Wednesday, 6 October 2010

The Southern Vampire Mysteries by Charlaine Harris

The Southern Vampire Mysteries

1. Dead Until Dark
2. Living Dead in Dallas
3. Club Dead
4. Dead to the World
5. Dead as a Doornail
6. Definitely Dead
7. All Together Dead
8. From Dead to Worse
9. Dead and Gone
10. Dead in the Family
11. A Touch of Dead

I came a little bit late to the Sookie Satckhouse party. I was never quite sure that I really wanted to read these books, especially after Twilight. I think I’ve mentioned that I find the whole idea of Twilight stupid (teenage vampire romance, UGH!), the writing is poor, the teenage angst and romance bits are annoying and generally I should hate everything about those books. That’s why I’ve read them all. Twice. I don’t know what it is, but once you get started, they kind of grab you. Since Twilight, I’ve read a lot of similar books, like the House of Night series (I have yet to make myself finish, huge ugh!), and Shiver, which I hated, so going down the Sookie Stackhouse road didn’t appeal that much. Then Audible offered one on sale. And I was hooked.

Sookie Stackhouse lives in the little backwoods town of Bon Temps, Louisiana, works at the bar as a waitress and is a telepath. Most of the residents of Bon Temps know there is something wrong with Sookie, but they just assume she’s stupid or strange and leave it at that. Because of her abilities, she finds it hard to make and keep friends and dating is next to impossible (how do you date a guy when you really know he’s only got one thing on his mind?). Sookie tries to fit in, but it’s difficult.

Ever since Vampires had come out of their coffins, she, like just about everyone else, had been eager to meet one, and lo, one fine night in walks Bill the Vampire. Bill changes Sookie’s life in a whole lot of ways. Not only can she not hear his thoughts, which she finds terribly relaxing, but he introduces her to the super natural world. Her life suddenly becomes a whole lot more interesting as she tries to navigate and survive both the natural and the supernatural worlds by both hiding and using her telepathic abilities without falling under control of either side.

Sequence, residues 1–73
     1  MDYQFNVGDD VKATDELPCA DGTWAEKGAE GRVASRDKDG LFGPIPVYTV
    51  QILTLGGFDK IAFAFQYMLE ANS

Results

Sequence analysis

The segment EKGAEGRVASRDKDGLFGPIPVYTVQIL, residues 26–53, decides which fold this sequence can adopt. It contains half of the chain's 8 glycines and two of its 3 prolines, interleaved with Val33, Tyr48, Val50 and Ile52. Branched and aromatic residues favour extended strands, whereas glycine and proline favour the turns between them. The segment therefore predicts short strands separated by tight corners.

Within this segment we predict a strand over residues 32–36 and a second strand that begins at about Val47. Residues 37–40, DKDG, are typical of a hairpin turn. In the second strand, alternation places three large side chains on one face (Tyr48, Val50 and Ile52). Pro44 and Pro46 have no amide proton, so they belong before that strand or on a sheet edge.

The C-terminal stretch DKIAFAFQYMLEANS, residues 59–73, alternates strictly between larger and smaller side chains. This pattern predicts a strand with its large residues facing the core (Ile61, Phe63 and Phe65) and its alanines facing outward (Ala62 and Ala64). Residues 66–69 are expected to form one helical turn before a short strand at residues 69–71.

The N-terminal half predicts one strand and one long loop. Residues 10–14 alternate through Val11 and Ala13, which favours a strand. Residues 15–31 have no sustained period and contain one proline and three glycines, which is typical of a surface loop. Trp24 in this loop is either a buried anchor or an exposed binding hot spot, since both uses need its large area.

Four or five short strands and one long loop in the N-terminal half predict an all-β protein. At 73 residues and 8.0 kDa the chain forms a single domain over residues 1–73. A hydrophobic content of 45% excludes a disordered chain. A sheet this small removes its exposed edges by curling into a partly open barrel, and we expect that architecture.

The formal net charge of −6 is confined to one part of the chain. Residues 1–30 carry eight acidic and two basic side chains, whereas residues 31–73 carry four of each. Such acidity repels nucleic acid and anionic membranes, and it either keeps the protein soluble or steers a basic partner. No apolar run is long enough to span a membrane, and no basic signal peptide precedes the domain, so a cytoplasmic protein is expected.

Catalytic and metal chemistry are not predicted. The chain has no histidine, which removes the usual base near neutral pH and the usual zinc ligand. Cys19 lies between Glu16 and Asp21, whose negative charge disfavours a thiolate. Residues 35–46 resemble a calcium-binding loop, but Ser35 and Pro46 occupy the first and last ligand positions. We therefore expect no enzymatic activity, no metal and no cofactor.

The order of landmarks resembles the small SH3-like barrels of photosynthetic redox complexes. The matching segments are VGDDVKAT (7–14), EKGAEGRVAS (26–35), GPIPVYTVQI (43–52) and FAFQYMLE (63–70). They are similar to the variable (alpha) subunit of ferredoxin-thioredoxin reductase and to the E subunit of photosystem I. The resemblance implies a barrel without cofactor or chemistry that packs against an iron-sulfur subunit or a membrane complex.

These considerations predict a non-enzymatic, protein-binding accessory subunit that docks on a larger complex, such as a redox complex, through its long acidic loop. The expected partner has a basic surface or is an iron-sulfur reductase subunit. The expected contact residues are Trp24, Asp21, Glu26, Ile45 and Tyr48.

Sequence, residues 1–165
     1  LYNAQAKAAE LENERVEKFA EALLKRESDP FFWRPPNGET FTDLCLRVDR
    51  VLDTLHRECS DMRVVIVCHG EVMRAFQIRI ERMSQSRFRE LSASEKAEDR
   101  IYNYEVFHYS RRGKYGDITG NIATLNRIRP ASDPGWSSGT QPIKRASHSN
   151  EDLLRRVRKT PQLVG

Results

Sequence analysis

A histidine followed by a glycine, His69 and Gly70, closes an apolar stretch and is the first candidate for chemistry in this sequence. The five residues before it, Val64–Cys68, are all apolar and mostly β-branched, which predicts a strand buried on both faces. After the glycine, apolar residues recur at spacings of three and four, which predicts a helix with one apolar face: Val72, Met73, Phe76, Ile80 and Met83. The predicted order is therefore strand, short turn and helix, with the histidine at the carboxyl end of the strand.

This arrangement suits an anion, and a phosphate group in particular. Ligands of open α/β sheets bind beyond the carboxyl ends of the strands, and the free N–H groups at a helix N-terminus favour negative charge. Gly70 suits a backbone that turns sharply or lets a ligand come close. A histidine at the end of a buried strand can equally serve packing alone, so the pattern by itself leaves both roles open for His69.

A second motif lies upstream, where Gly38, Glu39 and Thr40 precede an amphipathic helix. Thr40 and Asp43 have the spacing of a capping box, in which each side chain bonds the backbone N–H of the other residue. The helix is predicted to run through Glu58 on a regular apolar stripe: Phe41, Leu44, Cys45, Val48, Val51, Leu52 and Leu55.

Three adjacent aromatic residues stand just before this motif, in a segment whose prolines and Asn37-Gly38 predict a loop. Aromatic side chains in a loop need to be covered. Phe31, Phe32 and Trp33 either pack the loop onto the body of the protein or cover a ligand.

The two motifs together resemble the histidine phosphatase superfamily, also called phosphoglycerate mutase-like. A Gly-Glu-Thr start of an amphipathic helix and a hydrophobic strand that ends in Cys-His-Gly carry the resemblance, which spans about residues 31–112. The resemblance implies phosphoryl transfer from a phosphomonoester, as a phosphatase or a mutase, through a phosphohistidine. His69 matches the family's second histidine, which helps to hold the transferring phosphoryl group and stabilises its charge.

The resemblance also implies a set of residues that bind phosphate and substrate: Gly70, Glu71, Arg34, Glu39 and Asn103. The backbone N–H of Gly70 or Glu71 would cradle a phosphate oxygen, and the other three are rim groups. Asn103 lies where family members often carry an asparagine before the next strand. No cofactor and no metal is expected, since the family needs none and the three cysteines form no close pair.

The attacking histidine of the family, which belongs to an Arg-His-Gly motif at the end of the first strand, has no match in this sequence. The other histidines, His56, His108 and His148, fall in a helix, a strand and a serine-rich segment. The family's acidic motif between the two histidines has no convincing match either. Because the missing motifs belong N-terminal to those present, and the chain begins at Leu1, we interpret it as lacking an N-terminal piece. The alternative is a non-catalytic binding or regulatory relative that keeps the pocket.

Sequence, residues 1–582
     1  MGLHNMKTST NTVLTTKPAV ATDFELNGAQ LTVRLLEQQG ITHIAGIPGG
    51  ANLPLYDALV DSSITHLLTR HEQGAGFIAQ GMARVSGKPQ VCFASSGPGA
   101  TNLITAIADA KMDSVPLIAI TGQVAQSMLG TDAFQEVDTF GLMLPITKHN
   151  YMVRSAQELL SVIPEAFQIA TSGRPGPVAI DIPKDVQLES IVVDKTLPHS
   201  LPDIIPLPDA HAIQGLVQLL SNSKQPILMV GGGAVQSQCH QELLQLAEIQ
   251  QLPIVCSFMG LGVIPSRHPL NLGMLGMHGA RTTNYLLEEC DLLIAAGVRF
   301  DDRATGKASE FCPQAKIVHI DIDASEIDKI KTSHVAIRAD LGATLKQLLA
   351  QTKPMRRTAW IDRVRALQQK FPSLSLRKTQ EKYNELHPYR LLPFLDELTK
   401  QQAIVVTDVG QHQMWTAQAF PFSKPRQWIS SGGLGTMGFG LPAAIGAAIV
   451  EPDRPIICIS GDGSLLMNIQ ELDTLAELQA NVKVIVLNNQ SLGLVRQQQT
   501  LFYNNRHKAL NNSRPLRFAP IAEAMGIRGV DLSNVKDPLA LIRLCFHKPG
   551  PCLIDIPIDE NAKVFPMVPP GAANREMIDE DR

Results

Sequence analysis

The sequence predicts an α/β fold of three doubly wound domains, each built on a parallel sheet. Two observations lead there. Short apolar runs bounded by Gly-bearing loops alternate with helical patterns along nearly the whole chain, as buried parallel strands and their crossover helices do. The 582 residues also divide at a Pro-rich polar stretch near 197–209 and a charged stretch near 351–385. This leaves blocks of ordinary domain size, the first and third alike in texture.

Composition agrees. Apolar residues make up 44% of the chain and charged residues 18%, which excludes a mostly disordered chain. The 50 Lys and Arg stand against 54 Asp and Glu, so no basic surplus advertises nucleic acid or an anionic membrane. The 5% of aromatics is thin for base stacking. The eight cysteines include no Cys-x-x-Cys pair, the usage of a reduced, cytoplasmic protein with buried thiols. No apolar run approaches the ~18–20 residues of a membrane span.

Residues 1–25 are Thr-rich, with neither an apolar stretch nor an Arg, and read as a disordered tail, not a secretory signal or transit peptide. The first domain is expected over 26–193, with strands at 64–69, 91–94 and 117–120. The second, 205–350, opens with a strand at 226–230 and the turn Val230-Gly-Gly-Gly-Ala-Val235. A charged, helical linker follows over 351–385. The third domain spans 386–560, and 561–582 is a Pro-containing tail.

I’m not going to say a whole lot more about these books and I’m not going to review them all individually. I might have had I not read them all in one lump go, but it seems silly to review all ten in a row. So, I’m just going to say that no, they will never win any nobel prizes and no they aren’t going to become great literature, but they are highly entertaining. They’re also charming. The characters are likeable and real, in that you could see that this is just the way real people in Louisiana would react if Vampires and things that go bump in the night did come to town. Some think it’s cool, some are enamored, some want them all destroyed and a few are completely indifferent. It’s like a slice of life that you (the reader) don’t have to take seriously. The whole series reminds me of a phrase we used to use for an internet site I visited when discussions got a little heated – pretendy fun-time games. It’s not real, it’s just fun, don’t get your knickers in a twist over it. The Southern Vampire Mysteries are pretendy fun-time games for when you want to block out the world as it is and have a little fun.

If you’re looking for a good, light, fun read with a little supernatural and a little romance thrown in, you’ll like these books. On the basis of being fun and entertaining, they merit 4.25 out of 5.

2 comments:

Jeane said...

I was never much interested in the series until I started watching the tv show w/my husband. We've really enjoyed it and now I'm thinking I might like the books too.

Lady Rook said...

Sorry I didn't see this post before. I'm so pleased you liked the books. I love them and have read them several times since discovering them earlier this year. The TV series I didn't like as much. Eric/Sookie is my new OTP. :)